In at the Deep End
Author: Kate Davis
Publisher/Imprint: Houghton Mifflin Harcourt
Genre- a lesbian rom-com
Do you have a secret desire to be well versed in the latest queer lingo? Or get a rundown on their inside jokes? Are you curious to know how homosexual women approach each other when someone tickles their fancy? Or does your interest dip deeper, and you want to grasp the whole physical and emotional nitty-gritty of a lesbian relationship? Not because of any other reason, but just because you want to keep up with the times.
If the answer to any or all of the above questions is yes. Then, my dear pal, look no further. This book is your one-stop shop—a quick fix to all your questions.
For me, as a straight monogamous reader who is practically an alien regarding the homosexual world or the accepted lingo, this lighthearted, semiautobiographical banter by Davis turned out to be quite a discovery.
Julia is a twenty-something junior civil servant stuck in a miserable underpaid job with equally tragic and despondent sex life. More by accident than by design, Julia engages in a same-sex encounter. As luck would have it, her universe turns upside down—in an almost Cinderella-like fashion. It’s as if God reconsidered and showered her with fairy dust.
Julia jumps on the LGBTQ bandwagon with elan and gets her first taste of an earnest, romantic entanglement. From being a dud, she becomes an object of desire. People can’t seem to get enough of her—her life becomes fascinating to her co-workers and roommates. Even her old friends, who had passed her off as a lost cause, sit up and take notice.
She is ecstatic with the turn of the tide as it had always been Julia getting envious of other people’s long-term relationships.
Davis never lets things go cringy or uncomfortable, even in the intimate scenes. And there are plenty, if I may say. There is always a joke to bolster you, a flash of Julia’s wit to amuse you. Julia ponders about philosophical acuity on human relationships in the middle of passionate scenes and makes laugh-out-loud observations.
Here, I’ll take this opportunity to quote Julia’s remarks.
On a book explaining polyamory, she comments—
“I looked at the cover and almost laughed—it featured hyperreal illustrations of naked, mulleted people holding hands, apparently all orgasming in union. There was a cat, too, for some reason. The title Polyamory for Beginners: Infinite Pleasure, Minimal Pain, was in a font that looked worryingly like Comic Sans.”
While experimenting with drugs in a shady toilet with newly met strangers, she says—
“The back of the toilet cistern was cloudy with recently snorted coke. We knelt down on the floor and stroked each other’s faces. I felt lucky to find such a perfect place to sit that fitted the three of us perfectly.’’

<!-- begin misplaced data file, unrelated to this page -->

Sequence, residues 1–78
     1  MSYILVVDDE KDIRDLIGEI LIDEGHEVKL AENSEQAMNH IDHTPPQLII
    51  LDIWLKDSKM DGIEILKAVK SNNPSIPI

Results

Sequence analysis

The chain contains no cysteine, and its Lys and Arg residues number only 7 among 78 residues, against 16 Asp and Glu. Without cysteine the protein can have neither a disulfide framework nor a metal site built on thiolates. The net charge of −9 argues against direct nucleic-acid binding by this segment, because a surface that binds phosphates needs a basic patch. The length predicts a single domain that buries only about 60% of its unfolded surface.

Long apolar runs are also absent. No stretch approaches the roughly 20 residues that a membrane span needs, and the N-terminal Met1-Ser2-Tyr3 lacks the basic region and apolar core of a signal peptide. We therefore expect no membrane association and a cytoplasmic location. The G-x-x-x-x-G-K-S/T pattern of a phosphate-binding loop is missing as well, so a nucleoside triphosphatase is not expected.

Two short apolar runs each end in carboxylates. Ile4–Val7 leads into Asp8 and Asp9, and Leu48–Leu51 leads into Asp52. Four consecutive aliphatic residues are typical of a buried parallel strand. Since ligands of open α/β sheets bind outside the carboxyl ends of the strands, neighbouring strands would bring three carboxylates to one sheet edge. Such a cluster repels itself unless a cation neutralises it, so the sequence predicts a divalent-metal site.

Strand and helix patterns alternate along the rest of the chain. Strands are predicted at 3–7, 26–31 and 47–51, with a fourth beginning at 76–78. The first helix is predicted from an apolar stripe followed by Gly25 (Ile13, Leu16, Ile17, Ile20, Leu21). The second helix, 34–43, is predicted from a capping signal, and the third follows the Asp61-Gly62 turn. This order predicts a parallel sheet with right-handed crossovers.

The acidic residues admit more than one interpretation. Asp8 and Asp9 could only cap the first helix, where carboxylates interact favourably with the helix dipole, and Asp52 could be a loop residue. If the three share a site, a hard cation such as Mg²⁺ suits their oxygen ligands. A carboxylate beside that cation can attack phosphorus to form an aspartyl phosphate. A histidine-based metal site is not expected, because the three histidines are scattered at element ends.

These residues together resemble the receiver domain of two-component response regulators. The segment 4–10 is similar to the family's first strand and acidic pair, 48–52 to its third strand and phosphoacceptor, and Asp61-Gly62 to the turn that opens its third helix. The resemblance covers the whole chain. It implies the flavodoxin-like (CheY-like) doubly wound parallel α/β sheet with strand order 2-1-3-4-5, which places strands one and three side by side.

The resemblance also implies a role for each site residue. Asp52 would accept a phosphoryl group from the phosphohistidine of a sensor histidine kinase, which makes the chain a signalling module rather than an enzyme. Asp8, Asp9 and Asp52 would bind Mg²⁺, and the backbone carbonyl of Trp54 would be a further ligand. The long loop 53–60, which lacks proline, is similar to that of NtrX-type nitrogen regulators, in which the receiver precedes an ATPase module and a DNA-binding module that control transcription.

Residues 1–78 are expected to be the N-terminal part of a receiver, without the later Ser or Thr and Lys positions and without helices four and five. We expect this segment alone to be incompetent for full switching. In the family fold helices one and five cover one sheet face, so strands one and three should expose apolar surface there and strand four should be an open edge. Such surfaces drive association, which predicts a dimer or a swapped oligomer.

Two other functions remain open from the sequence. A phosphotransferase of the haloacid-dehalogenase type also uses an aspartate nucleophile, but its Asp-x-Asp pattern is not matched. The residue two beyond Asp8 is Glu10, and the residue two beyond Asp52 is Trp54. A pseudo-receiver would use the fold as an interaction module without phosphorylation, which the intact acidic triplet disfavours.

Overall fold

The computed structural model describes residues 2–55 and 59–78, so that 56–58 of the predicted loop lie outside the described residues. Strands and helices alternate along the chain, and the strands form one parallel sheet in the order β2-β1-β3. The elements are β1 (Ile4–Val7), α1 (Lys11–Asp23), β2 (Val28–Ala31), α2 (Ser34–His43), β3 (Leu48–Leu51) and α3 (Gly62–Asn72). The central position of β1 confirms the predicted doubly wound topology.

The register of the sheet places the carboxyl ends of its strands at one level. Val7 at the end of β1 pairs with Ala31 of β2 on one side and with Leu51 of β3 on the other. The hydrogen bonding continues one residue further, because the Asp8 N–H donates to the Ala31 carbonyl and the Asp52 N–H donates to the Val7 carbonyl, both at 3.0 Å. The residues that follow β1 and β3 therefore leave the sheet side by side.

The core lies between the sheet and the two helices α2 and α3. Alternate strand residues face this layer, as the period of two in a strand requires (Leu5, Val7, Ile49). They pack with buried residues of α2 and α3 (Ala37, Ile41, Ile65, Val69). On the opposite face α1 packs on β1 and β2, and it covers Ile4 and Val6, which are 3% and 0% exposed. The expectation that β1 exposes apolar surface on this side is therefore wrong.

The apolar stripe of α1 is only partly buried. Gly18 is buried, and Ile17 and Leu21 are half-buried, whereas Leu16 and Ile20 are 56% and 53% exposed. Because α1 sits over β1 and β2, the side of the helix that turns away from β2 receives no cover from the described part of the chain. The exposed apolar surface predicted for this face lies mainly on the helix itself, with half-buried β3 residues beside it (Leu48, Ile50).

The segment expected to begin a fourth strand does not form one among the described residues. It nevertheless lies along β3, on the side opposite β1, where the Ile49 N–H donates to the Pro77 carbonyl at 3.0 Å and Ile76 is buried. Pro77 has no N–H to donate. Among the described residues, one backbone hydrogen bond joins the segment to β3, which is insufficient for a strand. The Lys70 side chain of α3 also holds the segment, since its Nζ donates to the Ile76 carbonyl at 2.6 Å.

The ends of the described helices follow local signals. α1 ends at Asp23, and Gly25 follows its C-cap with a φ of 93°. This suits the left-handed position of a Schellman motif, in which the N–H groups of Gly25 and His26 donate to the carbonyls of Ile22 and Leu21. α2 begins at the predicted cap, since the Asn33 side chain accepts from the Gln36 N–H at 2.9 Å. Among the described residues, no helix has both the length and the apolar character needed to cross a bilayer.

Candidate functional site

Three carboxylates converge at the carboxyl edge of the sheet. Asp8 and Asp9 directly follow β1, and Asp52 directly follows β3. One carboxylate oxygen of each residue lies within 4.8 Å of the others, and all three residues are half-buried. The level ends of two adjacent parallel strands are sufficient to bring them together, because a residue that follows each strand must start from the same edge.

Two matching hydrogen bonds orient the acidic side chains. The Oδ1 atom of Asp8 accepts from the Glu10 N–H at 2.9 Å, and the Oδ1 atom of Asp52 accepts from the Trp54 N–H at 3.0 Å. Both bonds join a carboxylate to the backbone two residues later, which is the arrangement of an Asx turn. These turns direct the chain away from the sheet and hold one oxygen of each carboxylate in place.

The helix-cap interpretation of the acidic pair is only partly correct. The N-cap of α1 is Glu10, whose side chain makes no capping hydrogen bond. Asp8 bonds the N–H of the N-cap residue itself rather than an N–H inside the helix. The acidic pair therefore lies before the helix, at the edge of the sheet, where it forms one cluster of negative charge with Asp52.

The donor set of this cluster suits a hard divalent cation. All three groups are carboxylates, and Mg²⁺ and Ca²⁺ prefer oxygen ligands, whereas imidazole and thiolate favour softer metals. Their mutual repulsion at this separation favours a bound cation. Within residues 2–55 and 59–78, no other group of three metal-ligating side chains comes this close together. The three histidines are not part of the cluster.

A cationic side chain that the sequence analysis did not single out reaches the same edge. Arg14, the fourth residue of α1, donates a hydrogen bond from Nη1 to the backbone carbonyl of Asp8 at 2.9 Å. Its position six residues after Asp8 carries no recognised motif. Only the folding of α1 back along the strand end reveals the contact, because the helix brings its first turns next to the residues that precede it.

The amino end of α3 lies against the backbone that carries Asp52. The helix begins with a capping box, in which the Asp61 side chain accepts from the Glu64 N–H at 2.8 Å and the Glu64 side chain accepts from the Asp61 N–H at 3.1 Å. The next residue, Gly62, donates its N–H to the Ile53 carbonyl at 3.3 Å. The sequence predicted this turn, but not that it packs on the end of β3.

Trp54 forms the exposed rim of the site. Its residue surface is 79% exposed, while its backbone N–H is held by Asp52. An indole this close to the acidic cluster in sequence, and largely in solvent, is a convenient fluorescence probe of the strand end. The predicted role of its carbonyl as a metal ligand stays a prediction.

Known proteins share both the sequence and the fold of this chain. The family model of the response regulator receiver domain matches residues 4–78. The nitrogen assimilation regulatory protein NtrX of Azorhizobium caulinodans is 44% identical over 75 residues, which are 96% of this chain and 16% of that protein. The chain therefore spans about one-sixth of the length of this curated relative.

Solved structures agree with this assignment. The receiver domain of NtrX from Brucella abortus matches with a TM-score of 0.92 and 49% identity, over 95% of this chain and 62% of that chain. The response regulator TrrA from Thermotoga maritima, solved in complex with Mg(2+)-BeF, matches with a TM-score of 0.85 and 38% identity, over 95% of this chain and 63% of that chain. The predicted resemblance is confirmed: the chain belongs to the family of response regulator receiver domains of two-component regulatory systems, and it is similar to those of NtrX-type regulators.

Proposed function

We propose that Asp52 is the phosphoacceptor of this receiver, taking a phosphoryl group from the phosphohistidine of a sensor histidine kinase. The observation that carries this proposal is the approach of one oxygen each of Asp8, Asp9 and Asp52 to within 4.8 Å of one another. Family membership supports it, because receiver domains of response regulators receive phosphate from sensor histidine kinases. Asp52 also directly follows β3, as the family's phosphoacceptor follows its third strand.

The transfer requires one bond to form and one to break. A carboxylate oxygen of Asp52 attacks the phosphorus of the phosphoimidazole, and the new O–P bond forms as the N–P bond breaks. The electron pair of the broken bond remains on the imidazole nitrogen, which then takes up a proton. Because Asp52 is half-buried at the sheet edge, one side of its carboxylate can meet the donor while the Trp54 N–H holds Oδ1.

“You have such beautiful skin- so smooth, I can really see you are a mammal.”
Amidst all the clever jokes, hilarious anecdotes, joy, and allure of Julia’s relationship, Davis tucks the pain, sorrow, and misery of being in love with an abusive and controlling partner. She makes sure that the straight reader realizes homosexual relationships are not exactly La La Land. Like any other interpersonal connection, they are complex, requiring sustained support and mutual respect. Davis normalizes LGBTQ relationships greatly and sketches them as another slice of life.
Intriguing, sarcastic, and sharp. Davis expertly balances scales of gender inequality and societal pressures with this one.
Funny, raunchy, and clever, the book is heartwarming and uplifting in some unexpected way.
With this contemporary lesbian fiction, Davis gives a modern twist to age-old definitions of power-play between couples and ties it into a romantic denouement.
The characters are all painted in vivid shades of grey. And though some are a tad darker than others, nobody comes across as a villain. As a reader, you are shown both sides of the coin and never forced to take sides.
Don’t venture near if terms like BDSM, sex clubs, and non-monogamy ruffle your feathers and put you off.
Pick it up if you consider yourself open-minded and regard books and movies as doors to uncharted realms. If not for books, how else would any of us know anything at all?
An amusing literary rom-com. It taught me more about same-sex female relationships than I thought I would ever know.
My views are from a perspective of a monogamous, straight female Homosapien, and I would love to know how the book plays out with the queer polyamorous crowd. I have rated the book purely on its engagement and entertainment quotient.